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I pictured a large man with a wild, tangled beard. I imagined him dressed in unwashed clothes, worn to softness, and sturdy leather boots. With a walking stick like this, he must walk everywhere, I reasoned.
It made no sense. I had hosted a party for my co-workers and what seemed like half the town, and after the last cocktail was served, the keg drained, the music silenced, I gathered stray coats and scarves and casserole dishes left behind. In the entryway of the darkened house, next to the heavy oak door, a walking stick as tall as my chin stood in the corner. It looked hand crafted from a slender tree limb, shorn of its branches and sanded, festooned with leather bands, copper brads, beads, and feathers. I thought it must belong to a medicine man or some kind of shaman, but why would such a person have been at my party? The crowd was large and I had only seen a fraction of the guests, and certainly not anyone who remotely matched this totem that looked as if it must be used in ceremonial dances.
I took it to work the next day and asked if anyone knew to whom it belonged. I placed an ad in the paper, asking its owner to come and claim it. No one did, so I placed it back in its corner by the front door, and considered it a strange and mysterious gift. I often reached out a hand and touched it on my way out. Occasionally I dusted it. Once, I polished it with oil when its surface began to look dull from disuse.
I thought it was beautiful in its sturdiness. I admired what I believed it represented – the loving care of the hands that had crafted it, large knuckled, calloused hands. Sometimes my sons showed it to their friends and they would run their hands over it reverently. When we sold the big house and moved into a smaller one, we brought the walking stick with us and placed it next to our new front door, an ornate purple door that opened into a tidy little entryway.
I left that house on a disastrous full moon, late July night, never to return except to pack my things and prepare it for sale. When I loaded up my car for the thousand-mile drive to my new home, I brought the walking stick with me. At my new home, a garage apartment in the treetops, the walking stick took its customary place next to the door. A year later, when I evacuated my new home in anticipation of a killer hurricane, I returned two weeks later to find the door blown open, the stick still standing in the corner.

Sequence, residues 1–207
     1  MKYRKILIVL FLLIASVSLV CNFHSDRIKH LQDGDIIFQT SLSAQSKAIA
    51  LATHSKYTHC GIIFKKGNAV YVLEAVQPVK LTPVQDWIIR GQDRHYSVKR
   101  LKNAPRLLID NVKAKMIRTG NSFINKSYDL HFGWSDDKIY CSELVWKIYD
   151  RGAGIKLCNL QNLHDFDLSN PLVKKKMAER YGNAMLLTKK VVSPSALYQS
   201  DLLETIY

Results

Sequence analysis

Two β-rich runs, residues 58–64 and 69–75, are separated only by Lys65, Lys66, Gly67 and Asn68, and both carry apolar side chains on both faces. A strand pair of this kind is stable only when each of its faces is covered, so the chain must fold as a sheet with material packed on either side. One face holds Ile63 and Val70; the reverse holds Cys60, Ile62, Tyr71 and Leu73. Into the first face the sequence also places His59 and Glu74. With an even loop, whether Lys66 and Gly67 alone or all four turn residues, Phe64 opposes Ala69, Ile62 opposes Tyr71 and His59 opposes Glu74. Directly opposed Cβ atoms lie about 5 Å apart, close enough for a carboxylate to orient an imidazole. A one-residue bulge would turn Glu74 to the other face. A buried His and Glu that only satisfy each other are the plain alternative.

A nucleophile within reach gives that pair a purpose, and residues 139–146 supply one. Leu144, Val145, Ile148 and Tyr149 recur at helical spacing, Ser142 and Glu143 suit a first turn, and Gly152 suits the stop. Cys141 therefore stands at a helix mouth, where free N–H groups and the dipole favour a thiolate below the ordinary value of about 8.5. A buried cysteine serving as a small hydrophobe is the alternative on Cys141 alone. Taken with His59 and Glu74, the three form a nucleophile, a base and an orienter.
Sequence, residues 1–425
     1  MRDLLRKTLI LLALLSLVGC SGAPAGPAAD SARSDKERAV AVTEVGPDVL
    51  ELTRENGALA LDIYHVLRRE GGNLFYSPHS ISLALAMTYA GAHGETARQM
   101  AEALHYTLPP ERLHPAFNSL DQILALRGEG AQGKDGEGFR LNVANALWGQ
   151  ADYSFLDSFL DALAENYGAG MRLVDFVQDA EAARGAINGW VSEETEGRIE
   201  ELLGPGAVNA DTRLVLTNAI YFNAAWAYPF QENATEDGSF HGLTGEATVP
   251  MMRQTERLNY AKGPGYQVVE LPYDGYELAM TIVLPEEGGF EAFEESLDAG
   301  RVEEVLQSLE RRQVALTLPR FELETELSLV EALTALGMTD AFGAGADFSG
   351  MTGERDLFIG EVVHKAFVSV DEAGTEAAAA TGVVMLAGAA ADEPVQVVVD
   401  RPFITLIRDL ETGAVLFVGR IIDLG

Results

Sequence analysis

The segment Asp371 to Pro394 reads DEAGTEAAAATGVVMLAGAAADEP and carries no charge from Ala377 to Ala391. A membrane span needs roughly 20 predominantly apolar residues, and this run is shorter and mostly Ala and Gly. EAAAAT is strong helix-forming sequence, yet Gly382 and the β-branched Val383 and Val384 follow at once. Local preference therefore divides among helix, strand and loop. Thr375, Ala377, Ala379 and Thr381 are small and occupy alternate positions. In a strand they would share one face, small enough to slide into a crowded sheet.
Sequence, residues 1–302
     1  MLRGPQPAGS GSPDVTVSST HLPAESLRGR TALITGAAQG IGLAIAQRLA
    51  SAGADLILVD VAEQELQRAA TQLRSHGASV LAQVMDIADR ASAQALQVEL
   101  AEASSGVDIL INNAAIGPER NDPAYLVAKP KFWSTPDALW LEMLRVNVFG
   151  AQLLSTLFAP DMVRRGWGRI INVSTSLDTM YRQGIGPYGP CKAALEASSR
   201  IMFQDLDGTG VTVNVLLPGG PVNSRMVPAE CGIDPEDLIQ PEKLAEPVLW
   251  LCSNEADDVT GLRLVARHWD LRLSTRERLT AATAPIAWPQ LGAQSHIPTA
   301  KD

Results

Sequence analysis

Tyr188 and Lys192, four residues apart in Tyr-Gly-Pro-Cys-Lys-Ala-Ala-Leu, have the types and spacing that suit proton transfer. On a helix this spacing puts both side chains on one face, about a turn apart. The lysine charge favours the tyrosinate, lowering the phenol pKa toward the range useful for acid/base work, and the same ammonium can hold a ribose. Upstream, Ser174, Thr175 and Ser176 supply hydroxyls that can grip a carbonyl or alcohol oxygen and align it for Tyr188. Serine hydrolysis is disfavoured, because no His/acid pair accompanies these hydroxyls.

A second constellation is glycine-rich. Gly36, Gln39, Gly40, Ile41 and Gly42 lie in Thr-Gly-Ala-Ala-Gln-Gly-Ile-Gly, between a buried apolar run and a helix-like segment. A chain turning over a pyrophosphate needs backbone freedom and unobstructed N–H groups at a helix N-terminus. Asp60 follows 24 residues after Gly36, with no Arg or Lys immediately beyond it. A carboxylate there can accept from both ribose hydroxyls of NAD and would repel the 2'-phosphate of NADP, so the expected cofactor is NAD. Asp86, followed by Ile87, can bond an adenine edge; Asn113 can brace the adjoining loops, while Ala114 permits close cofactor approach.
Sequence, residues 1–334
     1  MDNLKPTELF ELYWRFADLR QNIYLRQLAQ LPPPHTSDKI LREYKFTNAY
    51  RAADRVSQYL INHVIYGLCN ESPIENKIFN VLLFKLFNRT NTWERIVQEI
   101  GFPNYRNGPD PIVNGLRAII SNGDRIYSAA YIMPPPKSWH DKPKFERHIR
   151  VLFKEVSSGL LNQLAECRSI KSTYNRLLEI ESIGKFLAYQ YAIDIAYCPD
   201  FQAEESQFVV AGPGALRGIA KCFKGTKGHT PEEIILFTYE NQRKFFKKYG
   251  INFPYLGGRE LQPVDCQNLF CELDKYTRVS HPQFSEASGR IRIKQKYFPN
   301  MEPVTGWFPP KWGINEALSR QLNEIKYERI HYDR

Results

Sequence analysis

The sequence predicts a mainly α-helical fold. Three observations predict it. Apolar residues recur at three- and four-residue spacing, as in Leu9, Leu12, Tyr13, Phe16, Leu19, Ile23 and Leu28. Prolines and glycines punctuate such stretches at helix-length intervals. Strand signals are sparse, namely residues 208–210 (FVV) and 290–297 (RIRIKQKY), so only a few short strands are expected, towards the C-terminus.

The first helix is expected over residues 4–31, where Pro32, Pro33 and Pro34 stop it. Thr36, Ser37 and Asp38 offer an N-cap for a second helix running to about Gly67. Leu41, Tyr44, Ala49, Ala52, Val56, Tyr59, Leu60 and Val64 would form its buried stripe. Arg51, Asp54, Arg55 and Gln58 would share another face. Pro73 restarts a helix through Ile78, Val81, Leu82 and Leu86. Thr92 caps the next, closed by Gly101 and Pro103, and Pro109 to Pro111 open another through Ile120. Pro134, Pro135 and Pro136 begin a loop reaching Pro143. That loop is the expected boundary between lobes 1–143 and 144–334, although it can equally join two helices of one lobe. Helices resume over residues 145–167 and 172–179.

Three years later, I moved again, then again in six months, and each time the walking stick has been ceremoniously placed in the corner next to the front door, a place of honor where it can be seen every day. It has grown familiar and comfortable, drained of much of its mystery, and now I pat it as I would an old dog, begging for a walk.
Out here in the middle distance, among crisis and change, I’m glad for a simple object that has endured and been constant. My fractured heart has healed like a boxer’s nose: crooked and swollen with scar tissue, prone to leaking. I look outside at the Colorado springtime with its blustery afternoons, at the brave seedlings holding up flakes of snow, and it feels as if no time has passed and an eternity has passed; nothing has changed and everything has changed. The dog presses his nose against the front door glass, waiting for the mailman, and in the corner, the walking stick stands alone.
Yesterday, I picked up the walking stick to take a good look at it. It felt light in my hand, hollow, as if it might not be a tree limb at all, but a replica of one. Was it part of a costume, a faux Indian outfit one of my long ago guests had brought to the party as a joke? Were the leather bands and the beads manufactured and applied in a factory somewhere, for a tourist to buy at a fake Wild West trading post? I’m sure it doesn’t matter. I give it a good wipe down with oil and put it back in its corner. When I am old and in need of a good walking stick, it will still be here, waiting patiently to be of use.
Kathryn Eastburn is the author of A Sacred Feast: Reflections of Sacred Harp Singing and Dinner on the Ground, and Simon Says: A True Story of Boys, Guns and Murder in the Rocky Mountain West. You can comment and read or listen to this column again at The Big Something at KRCC.org. “The Middle Distance” is published every Friday on The Big Something and airs each Saturday at 1 p.m. right after This American Life.